I used to have weird hair. It was a perpetually tangled mop of frizz and single-strand knots, completely under the influence of the weather, always unpredictable, generally untamable, and nothing like my childhood friends’ straight tresses that slipped effortlessly over their shoulders like strands of spun gold. My hair grew up and out, and my bangs were like a visor that, along with my coordinating giant monobrow, shielded my eyes from the sun.
My straight-haired mother tried her best. Maybe a cute pixie slicked down with Dippity-do and occasional spit. By age 9, I took over my own hair grooming, pinning the sides back with gold Goody barrettes in order to make it look less poofy. I still hated it. The color was all wrong: not the shiny black of my cousins who had perfect smooth curls, or the golden light brown of the Faberge commercials, that honey-wheat, sun-kissed meadow shade. It was somewhere in the middle, a medium mediocre brown.
My efforts to mainstream it devolved into torture. There were the box-dyes, the children’s relaxers for fine hair, all kinds of hair gels, mousses and pomades, highlighting caps with intricate circles that allowed me to fish out pieces to bleach, flat irons, round brushes, blow-dryers, and keratin treatments. Rarely, did I control it, and more often than not, I found myself in an ongoing cycle of wreck it-cut-it-grow-it-wreck-it-repeat.
By the time I reached my mid-40s, I was ready for a change. Also, there were options for people like me, overly specific shampoos and ridiculously expensive individual-curl haircuts. I got the dead ends removed and my spirals sprung to life as if they had been dragged down by expectations their entire existence and were finally free. As my hair grew, it became something I never anticipated: beautiful. I learned what it needed to thrive in its naturally curly state. I started writing about textured hair, and met other curlies who were finally embracing their hair after decades of destroying it.
Then it started falling out.
I was nearing menopause, and had endured a particularly difficult year. I saw a dermatologist who diagnosed me with Androgenic Alopecia based on my age, a speedy visual inspection, and family history. I was told to use Minoxidil and sent on my way. I quickly learned that less than half of all users of this medication respond to it. It didn’t work for me, and it would be several years before I found out why.
My hair loss has been violent, dramatic and heart-wrenching. I’ve slathered my scalp in snake oil. I’ve stood in front of the mirror and yelled, “I want my hair back!”. I’ve heard stupid, insensitive things from other women about how they have too much hair. I’ve told myself it doesn’t matter. I’ve strategically parted my meager strands to cover the bald spots. I’ve gone to subsequent doctors.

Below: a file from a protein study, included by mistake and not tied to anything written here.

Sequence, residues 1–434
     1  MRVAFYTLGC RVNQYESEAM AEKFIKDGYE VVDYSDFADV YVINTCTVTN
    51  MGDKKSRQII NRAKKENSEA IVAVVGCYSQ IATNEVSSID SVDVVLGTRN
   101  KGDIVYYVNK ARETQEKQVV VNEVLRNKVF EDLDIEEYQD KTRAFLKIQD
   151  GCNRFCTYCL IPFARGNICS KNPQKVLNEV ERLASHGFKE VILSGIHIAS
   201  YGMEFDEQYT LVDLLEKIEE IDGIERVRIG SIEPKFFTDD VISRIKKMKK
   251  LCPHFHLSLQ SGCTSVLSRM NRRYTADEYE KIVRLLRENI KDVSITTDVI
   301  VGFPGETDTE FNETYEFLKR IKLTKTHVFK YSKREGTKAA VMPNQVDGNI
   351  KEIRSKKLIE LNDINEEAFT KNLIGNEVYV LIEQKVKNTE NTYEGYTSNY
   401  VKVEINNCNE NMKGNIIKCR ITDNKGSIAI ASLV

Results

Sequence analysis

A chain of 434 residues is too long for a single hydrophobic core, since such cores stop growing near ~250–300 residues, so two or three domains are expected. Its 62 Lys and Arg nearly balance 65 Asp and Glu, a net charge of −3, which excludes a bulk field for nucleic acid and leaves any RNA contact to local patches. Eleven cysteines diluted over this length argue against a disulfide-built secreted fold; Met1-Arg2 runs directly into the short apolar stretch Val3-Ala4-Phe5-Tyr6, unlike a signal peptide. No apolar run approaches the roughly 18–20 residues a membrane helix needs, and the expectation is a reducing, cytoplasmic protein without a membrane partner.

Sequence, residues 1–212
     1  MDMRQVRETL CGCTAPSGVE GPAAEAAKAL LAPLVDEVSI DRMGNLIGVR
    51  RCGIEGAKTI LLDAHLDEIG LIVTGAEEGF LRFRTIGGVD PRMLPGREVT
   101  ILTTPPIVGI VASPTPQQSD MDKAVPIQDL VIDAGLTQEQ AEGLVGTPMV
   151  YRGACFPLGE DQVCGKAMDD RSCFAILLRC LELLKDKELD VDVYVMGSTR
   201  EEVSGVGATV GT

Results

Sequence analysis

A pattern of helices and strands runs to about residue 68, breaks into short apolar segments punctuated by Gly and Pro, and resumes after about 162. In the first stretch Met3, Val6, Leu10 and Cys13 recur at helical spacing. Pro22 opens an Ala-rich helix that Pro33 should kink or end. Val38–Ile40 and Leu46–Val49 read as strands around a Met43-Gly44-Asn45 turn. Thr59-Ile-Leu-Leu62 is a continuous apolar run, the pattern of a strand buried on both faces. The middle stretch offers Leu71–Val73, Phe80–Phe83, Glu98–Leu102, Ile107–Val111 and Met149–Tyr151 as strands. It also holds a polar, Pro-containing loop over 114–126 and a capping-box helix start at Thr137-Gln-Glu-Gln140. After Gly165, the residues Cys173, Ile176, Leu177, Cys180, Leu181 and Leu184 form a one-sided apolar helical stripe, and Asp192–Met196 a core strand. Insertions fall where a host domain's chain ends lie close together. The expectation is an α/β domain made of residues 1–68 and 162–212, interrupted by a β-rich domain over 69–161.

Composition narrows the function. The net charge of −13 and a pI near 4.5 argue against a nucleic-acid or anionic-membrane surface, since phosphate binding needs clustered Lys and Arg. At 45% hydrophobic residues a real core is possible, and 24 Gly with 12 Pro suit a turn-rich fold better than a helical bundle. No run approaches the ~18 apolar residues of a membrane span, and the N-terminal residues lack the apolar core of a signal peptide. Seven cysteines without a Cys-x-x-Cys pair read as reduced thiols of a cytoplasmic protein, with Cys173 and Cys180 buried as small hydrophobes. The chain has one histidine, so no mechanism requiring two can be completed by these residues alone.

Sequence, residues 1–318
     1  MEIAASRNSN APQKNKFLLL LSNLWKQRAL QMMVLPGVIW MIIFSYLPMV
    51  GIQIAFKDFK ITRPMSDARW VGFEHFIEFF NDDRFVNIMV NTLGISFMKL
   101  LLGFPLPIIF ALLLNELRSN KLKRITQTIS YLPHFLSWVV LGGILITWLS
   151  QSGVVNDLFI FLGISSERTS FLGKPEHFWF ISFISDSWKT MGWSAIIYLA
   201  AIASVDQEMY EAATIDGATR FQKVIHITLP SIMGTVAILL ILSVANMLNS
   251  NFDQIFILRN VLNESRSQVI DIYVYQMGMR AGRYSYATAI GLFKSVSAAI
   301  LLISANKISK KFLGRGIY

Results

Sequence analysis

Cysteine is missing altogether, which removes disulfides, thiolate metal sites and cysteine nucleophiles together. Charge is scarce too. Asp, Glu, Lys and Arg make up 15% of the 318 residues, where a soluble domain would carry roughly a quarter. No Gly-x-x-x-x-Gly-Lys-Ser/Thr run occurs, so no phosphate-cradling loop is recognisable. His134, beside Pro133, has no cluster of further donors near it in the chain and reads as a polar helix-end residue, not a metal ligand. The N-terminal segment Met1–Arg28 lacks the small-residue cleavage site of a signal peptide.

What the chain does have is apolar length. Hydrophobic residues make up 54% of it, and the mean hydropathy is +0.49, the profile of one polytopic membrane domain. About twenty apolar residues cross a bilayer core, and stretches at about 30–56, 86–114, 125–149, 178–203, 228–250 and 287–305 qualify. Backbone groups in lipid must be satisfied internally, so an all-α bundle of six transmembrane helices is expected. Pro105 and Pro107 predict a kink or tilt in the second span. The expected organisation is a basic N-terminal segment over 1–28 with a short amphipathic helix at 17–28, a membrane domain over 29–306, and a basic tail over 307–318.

I recently, finally, was given a scalp biopsy which revealed that I was misdiagnosed. I have a diffuse form of Alopecia Areata. Unlike my initial diagnosis, which is caused by a sensitivity to the hormone dihydrotestosterone (DHT), Alopecia Areata is an autoimmune disorder. Steroids or immunosuppressive drugs are often used to reduce the inflammation around my hair follicles. I was prescribed a steroid foam which I carefully apply with a cotton swab every night.
In the last two years, I have tried several wigs to cover my hair loss. The irony is that I can now have that straight bronde hair of my childhood dreams (well, with a lace front and mono part). But now I don’t want it. I want fake hair to match my own natural texture, and I want it without the chunky highlights and shadow root. I want a fuzzy layer of frizz, and for one curl to go this way and the next to go that way, and maybe a few silver strands sparkling throughout. I want that hair that predicts the rain and then swells to protect me from it. Really, I want the old me back. That me had wild, relentless, feral, stubborn curls.
My other struggle with wigs is that they irritate my inflamed and sensitive scalp, and I can only stand to wear them for an hour or two at a time. Hoping to improve my comfort, I tried various caps, wig grips, sizes and materials without success.
Then I finally considered a tichel, a headscarf traditionally worn by married Orthodox women. I had never worn one before. Women in the Reconstructionist shul where I am now a member generally do not cover their hair with tichels, nor do I see tichels worn frequently within the larger Jewish community in the city where I live. I had no idea how to properly wear one without it sliding around. I also feared it would make me look dowdy, my balding would be made more obvious, and I would just stand out in general.
I suppose I could have gone to a kosher wig store for assistance with wrapping, but I was embarrassed about my hair loss, so I turned to YouTube for inspiration instead. There I found Rivka Malkah Perlman’s instructional videos on how to select, combine, and tie tichels. As an Orthodox Jewish woman, she observes the rules of tzniut, or modesty, which I do not. But her enthusiasm for layering and twisting tichels into magnificent headcovers is truly an art. In some videos, she shows new brides how to cover their hair, a beautiful cultural tradition passed from woman to woman.
While I haven’t created anything complex, my tichels are a very practical solution to my hair covering needs. They help me through the many ups and downs on my alopecia journey. And my fears of wearing them were completely unfounded. To be honest, the only person who has ever commented is my non-Jewish husband. He tells me I look beautiful.
Although I may feel like I am crumbling into dust hair-first, I’m trying to be optimistic about my new (and now appropriate) treatment regimen. In the meantime, the centuries of tradition woven in one little cloth help me hold onto my identity as a Jewish woman.